Non-Problematic Risks from Low-Dose Radiation-Induced DNA Damage Clusters

Hayes, Daniel P.
March 2008
Dose-Response;2008, Vol. 6 Issue 1, p30
Academic Journal
Radiation-induced DNA damage clusters have been proposed and are usually considered to pose the threat of serious biological damage. This has been attributed to DNA repair debilitation or cessation arising from the complexity of cluster damage. It will be shown here, contrary to both previous suggestions and perceived wisdom, that radiation induced damage clusters contribute to non-problematic risks in the low-dose, low-LET regime. The very complexity of cluster damage which inhibits and/or compromises DNA repair will ultimately be responsible for the elimination and/or diminution of precancerous and cancerous cells.


Related Articles

  • Dose-Dependent Reactive Species Accumulation and Preferential Double-Strand Breaks Repair are Featured in the γ-ray Response in Medicago truncatula Cells. Donà, Mattia; Ventura, Lorenzo; Balestrazzi, Alma; Buttafava, Armando; Carbonera, Daniela; Confalonieri, Massimo; Giraffa, Giorgio; Macovei, Anca // Plant Molecular Biology Reporter;Feb2014, Vol. 32 Issue 1, p129 

    In plants, there are issues related to the effects of gamma (γ)-rays that are still poorly explored, particularly as concerns the biological response to irradiation delivered at a low dose rate. In the present work, the effects of exposure to increasing γ-ray total doses (6, 12, 25, and 50...

  • Spatio-temporal analysis of DNA damage repair using the X-ray microbeam. Schettino, G.; Ghita, M.; Prise, K. M. // European Physical Journal D -- Atoms, Molecules, Clusters & Opti;Nov2010, Vol. 60 Issue 1, p157 

    Cellular response to radiation damage is made by a complex network of pathways and feedback loops whose spatiotemporal organization is still unclear despite its decisive role in determining the fate of the damaged cell. The single-cell approach and the high spatial resolution offered by...

  • Is DNA Damage Response Ready for Action Anywhere? Terradas, Mariona; Martín, Marta; Hernández, Laia; Tusell, Laura; Genescà, Anna // International Journal of Molecular Sciences;Sep2012, Vol. 13 Issue 9, p11569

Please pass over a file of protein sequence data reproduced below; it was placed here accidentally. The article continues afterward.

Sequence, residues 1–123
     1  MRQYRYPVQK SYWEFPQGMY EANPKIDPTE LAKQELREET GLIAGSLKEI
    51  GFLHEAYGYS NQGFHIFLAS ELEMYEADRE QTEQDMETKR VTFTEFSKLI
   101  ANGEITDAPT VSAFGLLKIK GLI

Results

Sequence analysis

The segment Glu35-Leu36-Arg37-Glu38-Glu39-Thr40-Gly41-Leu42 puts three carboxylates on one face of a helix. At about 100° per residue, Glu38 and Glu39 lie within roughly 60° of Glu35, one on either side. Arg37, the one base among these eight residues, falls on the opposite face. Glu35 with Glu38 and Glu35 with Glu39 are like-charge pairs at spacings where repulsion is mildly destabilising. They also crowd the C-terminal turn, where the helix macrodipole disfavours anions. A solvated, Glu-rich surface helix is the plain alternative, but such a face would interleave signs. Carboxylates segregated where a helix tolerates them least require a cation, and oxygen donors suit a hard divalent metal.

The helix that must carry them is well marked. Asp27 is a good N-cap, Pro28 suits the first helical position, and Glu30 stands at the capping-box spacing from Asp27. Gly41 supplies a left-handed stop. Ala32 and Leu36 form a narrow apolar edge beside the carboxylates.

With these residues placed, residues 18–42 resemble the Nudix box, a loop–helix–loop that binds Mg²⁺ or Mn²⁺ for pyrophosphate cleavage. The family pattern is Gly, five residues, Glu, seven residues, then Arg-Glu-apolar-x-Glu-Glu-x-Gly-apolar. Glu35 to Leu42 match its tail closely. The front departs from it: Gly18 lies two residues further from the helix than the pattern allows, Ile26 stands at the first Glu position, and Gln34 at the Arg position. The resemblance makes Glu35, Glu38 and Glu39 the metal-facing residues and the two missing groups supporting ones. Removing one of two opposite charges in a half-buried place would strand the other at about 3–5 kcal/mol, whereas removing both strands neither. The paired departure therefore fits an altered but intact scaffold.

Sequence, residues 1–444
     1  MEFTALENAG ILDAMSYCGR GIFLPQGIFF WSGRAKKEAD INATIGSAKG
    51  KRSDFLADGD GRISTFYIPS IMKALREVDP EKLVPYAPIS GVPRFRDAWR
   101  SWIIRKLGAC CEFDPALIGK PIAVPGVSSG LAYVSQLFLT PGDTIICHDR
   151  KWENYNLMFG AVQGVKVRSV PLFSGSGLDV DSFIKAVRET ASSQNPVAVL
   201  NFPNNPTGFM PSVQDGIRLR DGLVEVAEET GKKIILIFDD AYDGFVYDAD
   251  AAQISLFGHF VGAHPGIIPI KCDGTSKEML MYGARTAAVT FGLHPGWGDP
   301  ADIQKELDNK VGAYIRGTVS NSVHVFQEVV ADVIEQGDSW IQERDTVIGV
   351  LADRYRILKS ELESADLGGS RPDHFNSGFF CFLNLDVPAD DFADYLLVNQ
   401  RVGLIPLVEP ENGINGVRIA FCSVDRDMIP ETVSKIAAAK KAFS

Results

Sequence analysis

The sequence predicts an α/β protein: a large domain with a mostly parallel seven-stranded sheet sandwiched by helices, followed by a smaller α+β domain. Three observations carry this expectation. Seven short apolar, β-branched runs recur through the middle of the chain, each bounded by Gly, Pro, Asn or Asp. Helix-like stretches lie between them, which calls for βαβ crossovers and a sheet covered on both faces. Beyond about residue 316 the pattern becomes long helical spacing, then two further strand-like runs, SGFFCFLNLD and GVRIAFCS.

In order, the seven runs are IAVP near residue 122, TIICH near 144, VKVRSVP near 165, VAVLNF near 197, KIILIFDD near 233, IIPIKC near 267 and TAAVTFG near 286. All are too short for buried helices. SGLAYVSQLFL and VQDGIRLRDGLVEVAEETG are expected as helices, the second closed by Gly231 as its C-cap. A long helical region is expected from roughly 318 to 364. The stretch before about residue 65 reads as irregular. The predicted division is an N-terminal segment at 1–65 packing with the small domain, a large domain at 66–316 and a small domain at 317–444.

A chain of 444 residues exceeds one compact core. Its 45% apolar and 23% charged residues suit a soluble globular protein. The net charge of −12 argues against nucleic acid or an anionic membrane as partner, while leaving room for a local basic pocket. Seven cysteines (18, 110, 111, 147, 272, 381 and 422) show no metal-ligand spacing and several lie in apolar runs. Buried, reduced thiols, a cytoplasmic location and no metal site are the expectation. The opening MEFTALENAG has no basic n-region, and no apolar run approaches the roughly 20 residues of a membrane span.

Organisms are continuously exposed to DNA damaging agents, consequently, cells have developed an intricate system known as the DNA damage response (DDR) in order to detect and repair DNA lesions. This response has to be rapid and accurate in order to keep genome integrity. It has been observed...

  • DNA repair pathways as targets for cancer therapy. Helleday, Thomas; Petermann, Eva; Lundin, Cecilia; Hodgson, Ben; Sharma, Ricky A. // Nature Reviews Cancer;Mar2008, Vol. 8 Issue 3, p193 

    DNA repair pathways can enable tumour cells to survive DNA damage that is induced by chemotherapeutic treatments; therefore, inhibitors of specific DNA repair pathways might prove efficacious when used in combination with DNA-damaging chemotherapeutic drugs. In addition, alterations in DNA...

  • CHK1 inhibition as a strategy for targeting fanconi anemia (FA) DNA repair pathway deficient tumors. Chen, Clark C.; Kennedy, Richard D.; Sidi, Samuel; Look, A. Thomas; D'Andrea, Alan // Molecular Cancer;2009, Vol. 8, Special section p1 

    Background: DNA repair deficient tumor cells have been shown to accumulate high levels of DNA damage. Consequently, these cells become hyper-dependent on DNA damage response pathways, including the CHK1-kinase-mediated response. These observations suggest that DNA repair deficient tumors should...

  • Effect of prolonging radiation delivery time on retention of gammaH2AX. Moiseenko, Vitali; Banáth, Judit P.; Duzenli, Cheryl; Olive, Peggy L. // Radiation Oncology;2008, Vol. 3, Special section p1 

    Background and purpose: Compared to conventional external beam radiotherapy, IMRT requires significantly more time to deliver the dose. Prolonging dose delivery potentially increases DNA repair which would reduce the biological effect. We questioned whether retention of γH2AX, a measure of...

  • Relationship between clonogenic radiosensitivity, radiation-induced apoptosis and DNA damage/repair in human colon cancer cells. Dunne, A.L.; Price, M.E.; Mothersill, C.; McKeown, S.R.; Robson, T.; Hirst, D.G. // British Journal of Cancer;12/15/2003, Vol. 89 Issue 12, p2277 

    The intrinsic radiation sensitivity of normal and tumour tissue is a major determinant of the outcome of radiotherapy. There is currently no established test that can be used routinely to measure the radiosensitivity of the cells in an individual patient's cancer in a manner that can inform...

  • Novel HSP90 inhibitors, NVP-AUY922 and NVP-BEP800, radiosensitise tumour cells through cell-cycle impairment, increased DNA damage and repair protraction. Stingl, L.; Stühmer, T.; Chatterjee, M.; Jensen, M. R.; Flentje, M.; Djuzenova, C. S. // British Journal of Cancer;5/25/2010, Vol. 102 Issue 11, p1578 

    Background:Heat-shock protein 90 (Hsp90) has a crucial role in both the stabilisation and regulation of various proteins, including those related to radioresistance. Inhibition of Hsp90 may therefore provide a strategy for enhancing the radiosensitivity of tumour cells. This study explores the...

  • GENOMSKA NESTABILNOST I TEST OSJETLJIVOSTI NA BLEOMICIN. MILIĆ, Mirta // Archives of Industrial Hygiene & Toxicology / Arhiv za Higijenu ;2010, Vol. 61 Issue 2, p257 

    Estimation of individual susceptibility to mutagens is often a part of epidemiological studies monitoring the appearance of malignant disease in different populations. Genome exposure to mutagens can lead to DNA damage. The rate of damage depends on individual differences in response, which are...


Read the Article


Sorry, but this item is not currently available from your library.

Try another library?
Sign out of this library

Other Topics